X-ray of a shoulder and chest.

Failures in communication or follow-up of unexpected significant radiological findings

HSIB legacy content

HSIB legacy content

This investigation was carried out by the Healthcare Safety Investigation Branch (HSIB). Find out more about HSIB legacy.


X-rays are the most common radiological examination. 22.9 million were carried out in the NHS in 2016/17. Failures in communication or follow-up of unexpected significant radiological findings is a nationally recognised patient safety risk.

The lack of follow-up or communication of unexpected significant findings can have a serious or life-threatening impact on patients.

Reference event

In the investigation reference event, a 76-year-old woman had a chest X-ray showing a possible lung cancer which was not followed up and resulted in a delayed diagnosis. The patient died just over two months after her diagnosis.

The national investigation

Failures in communication or follow-up of unexpected significant radiological findings is a nationally recognised patient safety risk.

HSIB contacted the hospital where the reference event occurred after it was reported as an incident on the national serious incident reporting database.

The investigation reviewed the processes for communication and follow-up of unexpected significant radiological findings to understand why such findings are not always received or acted upon.

The factors that influence the communication of results were explored and opportunities to reduce the risk of this happening in future were identified.

The investigation paid particular attention to unexpected significant radiological findings from chest X-rays performed during a patient’s stay in an emergency department (ED).

X-rays are the most common radiological examination and large volumes are requested from EDs. However, the conclusions of this investigation are applicable to the communication of radiological findings from other areas, and other types of diagnostic test results.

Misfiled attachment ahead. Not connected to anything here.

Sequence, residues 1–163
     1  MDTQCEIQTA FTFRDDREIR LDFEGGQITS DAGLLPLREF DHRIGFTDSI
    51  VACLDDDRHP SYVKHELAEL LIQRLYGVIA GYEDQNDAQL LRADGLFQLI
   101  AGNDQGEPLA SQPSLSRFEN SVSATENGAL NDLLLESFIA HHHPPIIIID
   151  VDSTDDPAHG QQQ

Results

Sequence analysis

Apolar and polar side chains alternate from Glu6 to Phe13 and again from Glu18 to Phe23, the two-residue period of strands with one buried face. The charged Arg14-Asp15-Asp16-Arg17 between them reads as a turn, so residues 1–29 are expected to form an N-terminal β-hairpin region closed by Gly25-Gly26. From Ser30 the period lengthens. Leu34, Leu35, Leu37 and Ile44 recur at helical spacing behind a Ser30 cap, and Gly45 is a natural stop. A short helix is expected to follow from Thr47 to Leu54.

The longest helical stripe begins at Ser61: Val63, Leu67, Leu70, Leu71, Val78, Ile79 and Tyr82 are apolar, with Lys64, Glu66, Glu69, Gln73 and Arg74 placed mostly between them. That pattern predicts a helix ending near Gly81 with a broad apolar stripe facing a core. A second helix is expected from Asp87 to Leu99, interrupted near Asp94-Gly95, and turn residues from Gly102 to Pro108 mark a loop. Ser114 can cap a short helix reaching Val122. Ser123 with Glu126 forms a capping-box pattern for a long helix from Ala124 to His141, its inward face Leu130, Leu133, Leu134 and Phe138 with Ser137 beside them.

• There is wide variation in practice in how unexpected significant radiological findings are communicated to clinicians. There is also considerable variation in how findings are acknowledged by clinicians, if they are at all. There is very little assurance that the actions indicated by the findings have been taken.
  • Unexpected significant radiological findings may be communicated by telephone, electronic or paper-based systems, and involve a variety of policies and procedures. It is often a multi-step process, involving a number of individuals and information systems; this increases the risk of errors.
  • Monitored acknowledgement of radiological findings is an important component of a reliable system and requires dedicated time and resource. Monitored acknowledgement is not in place in many trusts.
  • Opening a report and generating a read receipt is an unreliable form of acknowledgement. A more robust risk control is for acknowledgement to be a separate, distinct action. That said, acknowledgement does not guarantee action has been, or will be, taken. A system that provided assurance that necessary actions had been completed would best mitigate risk. Current IT infrastructure in many trusts means this is not feasible in the short term.
  • There are often many steps before a patient is informed of an unexpected significant radiological finding. These steps provide opportunities for error. Inspection of trusts by the Care Quality Commission is limited in scope in relation to the communication and follow-up of radiological findings. Inspections do not look at whether a monitored acknowledgement system and other risk controls necessary for a reliable system are in place.
  • There is no nationally agreed list of what constitutes an unexpected significant finding that should trigger an alert. Some trusts have developed lists to standardise when alerts should be triggered by radiologists and to create a common expectation for clinicians.


During our investigation we collaborated closely with the Royal College of Radiologists and the Academy of Medical Royal Colleges. They were integral to the development of our safety recommendations, which you can read in full below.

As a result of our safety recommendations, the Academy of Medical Royal Colleges published Recommendations on alerts and notification of imaging reports guidance in October 2022. The main objective of this guidance is to ensure prompt and effective imaging result notification and its subsequent action to protect patient safety.

This guidance reflects the evidence found in our investigation and fulfils our safety recommendation.


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Investigation report